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Bigger than it sounds - Quido show


by Denver Isaacs
News

 

Still broke, but let’s Party!”

That was the promise local hip-hopper Quido Mohamed made leading up to his modest album launch last weekend.

And while it may not have been due to the potent lyrics or booming sound from the performing artists – some among the country’s most promising emcees - it was a night that delivered much more.

Hosts Garlic and Flower say they couldn’t be more pleased with approximately 150 party-goers packing their restaurant on the night while event organisers Bob Grassroots say it got so hectic at times they stopped keeping count.

The ‘061Music’-stalwart reeled in favourites like Lize Ehlers, AliThatDude, and Catty Cat to set the mics ablaze and get the crowd rocking with contemporaries in the local hip-hop scene, including RUN NAMS, Wambuseun and Nama artist of the Year, Jericho stoking the fires more.

Unfortunately, with nothing more than a PA system, two speakers and two noisy muffling microphones, the music ended up being a mere distraction for most.

“The sound ended up not being enough for that crowd.  The sound guys couldn’t really boost it,” he said, “because of the risk of blowing his speakers,” Quido told The Villager.

“To our advantage though was the fact that we billed it more as a launch party rather than a full-out show.  That worked for us.  Even if you ask folks where they were on Friday, they’re likely to say, ‘we were at that party,” he says.

Takura Matswetu, a founding member of the events organising outfit Bob Grassroots, says that with eight years of hip-hop event organising among other shows, the support is definitely on the rise.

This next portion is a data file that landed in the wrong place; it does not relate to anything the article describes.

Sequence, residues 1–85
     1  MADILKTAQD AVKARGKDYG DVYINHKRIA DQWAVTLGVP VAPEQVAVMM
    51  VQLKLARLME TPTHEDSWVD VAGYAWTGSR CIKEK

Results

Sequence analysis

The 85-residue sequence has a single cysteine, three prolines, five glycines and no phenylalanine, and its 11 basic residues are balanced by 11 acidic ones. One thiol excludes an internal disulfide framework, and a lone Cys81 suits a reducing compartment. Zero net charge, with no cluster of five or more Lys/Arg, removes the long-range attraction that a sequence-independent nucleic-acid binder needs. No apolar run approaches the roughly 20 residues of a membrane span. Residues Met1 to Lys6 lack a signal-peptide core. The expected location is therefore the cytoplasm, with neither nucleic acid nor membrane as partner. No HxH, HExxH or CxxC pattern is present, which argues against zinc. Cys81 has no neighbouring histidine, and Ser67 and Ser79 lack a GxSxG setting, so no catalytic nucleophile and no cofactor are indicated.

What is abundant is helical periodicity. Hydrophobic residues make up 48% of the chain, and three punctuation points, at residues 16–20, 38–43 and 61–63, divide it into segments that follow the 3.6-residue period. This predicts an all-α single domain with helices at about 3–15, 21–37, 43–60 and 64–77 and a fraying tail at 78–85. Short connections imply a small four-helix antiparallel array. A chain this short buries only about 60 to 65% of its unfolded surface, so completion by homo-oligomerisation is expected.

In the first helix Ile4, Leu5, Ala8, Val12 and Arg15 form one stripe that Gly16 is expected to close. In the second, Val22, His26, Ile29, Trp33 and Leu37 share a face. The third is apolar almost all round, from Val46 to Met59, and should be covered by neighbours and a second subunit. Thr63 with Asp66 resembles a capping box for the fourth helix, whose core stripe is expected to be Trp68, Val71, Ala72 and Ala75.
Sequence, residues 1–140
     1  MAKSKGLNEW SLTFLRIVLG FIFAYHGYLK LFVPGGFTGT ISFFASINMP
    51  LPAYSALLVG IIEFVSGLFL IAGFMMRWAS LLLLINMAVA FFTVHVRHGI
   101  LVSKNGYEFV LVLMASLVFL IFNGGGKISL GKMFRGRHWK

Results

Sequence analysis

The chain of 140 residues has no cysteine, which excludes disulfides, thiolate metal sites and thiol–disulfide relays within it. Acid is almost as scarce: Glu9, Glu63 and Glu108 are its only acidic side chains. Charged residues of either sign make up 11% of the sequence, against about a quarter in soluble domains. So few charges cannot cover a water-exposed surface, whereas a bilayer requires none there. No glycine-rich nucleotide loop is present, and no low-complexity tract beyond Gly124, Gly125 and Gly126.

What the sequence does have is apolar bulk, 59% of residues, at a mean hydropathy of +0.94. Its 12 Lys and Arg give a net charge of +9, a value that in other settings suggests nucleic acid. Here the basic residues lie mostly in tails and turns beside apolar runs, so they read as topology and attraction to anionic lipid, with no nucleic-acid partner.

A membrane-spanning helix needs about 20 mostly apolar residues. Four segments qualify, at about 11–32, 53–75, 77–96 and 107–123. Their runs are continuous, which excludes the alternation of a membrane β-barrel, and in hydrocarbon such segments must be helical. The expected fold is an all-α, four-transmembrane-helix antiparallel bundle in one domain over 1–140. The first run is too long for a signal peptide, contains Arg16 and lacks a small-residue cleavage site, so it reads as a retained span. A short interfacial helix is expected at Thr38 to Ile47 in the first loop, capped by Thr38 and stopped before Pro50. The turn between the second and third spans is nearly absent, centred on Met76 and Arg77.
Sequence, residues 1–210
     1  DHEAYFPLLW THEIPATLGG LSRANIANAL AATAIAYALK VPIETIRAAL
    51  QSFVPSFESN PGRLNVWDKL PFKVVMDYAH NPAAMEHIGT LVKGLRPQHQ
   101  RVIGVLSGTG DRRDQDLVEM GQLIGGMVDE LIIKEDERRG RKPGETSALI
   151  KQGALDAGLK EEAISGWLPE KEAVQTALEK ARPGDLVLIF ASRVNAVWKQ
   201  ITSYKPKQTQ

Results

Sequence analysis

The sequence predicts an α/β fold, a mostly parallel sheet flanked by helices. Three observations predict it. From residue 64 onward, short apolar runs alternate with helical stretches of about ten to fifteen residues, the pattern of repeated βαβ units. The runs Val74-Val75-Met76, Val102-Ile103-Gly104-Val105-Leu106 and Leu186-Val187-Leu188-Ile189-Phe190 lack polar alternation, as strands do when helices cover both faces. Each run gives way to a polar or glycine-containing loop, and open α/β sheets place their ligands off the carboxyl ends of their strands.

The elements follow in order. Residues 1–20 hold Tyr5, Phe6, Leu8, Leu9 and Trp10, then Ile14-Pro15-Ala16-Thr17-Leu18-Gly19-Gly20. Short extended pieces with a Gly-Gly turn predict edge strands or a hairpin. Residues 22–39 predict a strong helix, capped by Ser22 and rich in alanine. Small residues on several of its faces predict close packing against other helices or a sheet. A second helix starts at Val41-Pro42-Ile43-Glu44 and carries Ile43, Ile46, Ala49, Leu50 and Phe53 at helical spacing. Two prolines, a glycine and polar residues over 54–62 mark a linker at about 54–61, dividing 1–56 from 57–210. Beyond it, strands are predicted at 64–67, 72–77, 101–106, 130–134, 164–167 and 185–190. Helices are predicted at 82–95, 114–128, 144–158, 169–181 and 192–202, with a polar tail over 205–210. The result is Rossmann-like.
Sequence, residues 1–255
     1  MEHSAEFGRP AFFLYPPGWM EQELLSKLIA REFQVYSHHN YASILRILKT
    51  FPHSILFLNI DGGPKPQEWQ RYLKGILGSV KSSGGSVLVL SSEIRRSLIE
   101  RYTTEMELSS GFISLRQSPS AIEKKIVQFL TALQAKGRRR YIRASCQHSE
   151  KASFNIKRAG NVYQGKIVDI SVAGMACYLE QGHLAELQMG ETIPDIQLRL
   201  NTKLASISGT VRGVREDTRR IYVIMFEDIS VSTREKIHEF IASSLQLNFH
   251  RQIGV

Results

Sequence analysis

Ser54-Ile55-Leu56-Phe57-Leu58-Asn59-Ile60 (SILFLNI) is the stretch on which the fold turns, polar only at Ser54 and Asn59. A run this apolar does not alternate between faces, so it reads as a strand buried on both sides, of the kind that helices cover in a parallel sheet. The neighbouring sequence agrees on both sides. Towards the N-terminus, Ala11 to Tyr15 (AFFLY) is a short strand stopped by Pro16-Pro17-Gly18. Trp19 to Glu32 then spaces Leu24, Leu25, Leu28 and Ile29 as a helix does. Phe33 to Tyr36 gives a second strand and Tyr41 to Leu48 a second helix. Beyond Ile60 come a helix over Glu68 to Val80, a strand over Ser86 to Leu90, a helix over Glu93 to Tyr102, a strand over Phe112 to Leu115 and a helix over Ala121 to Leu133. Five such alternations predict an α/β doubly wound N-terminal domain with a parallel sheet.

“The following is definitely there.  It’s getting stronger.  Even your older guys who grew up listening to early hip-hop from the US, they’re starting to come out to the events.  They’re getting interested in what the local guys have to say” he says.

“We see hip-hop as a social tool and we feel it needs more exposure in Windhoek at least.  All of us listen to hip-hop and some are involved in making music,” he explains.  

The Quido launch, he says, is a case in point. “He’s a good artist and there was great anticipation.  He managed to create quite a buzz on Unam campus, especially among foreign students who showed up, and we also managed to build some good radio promotion before the event,” he adds.

“Unfortunately we had some glitches with the sound but the success of the night is just testimony to his drawing power and the growth of the movement,” says Matswetu.

Commenting from his position as patron to the event, Jericho says he was impressed by the turnout on the night. “The support is there.  The teamwork is there. 

The only lacking thing, considering people are paying to come out and see you, is the delivery.” 

He also notes the sound glitches, “But we need to look at ourselves like a business.  This is business.  These people will want returns on their investment.  It’s got to be more than just recording and throwing a party for the sake of it.  I think our hip-hop culture (locally) is still stuck in the fame.  We need to make it a business,” the artist says.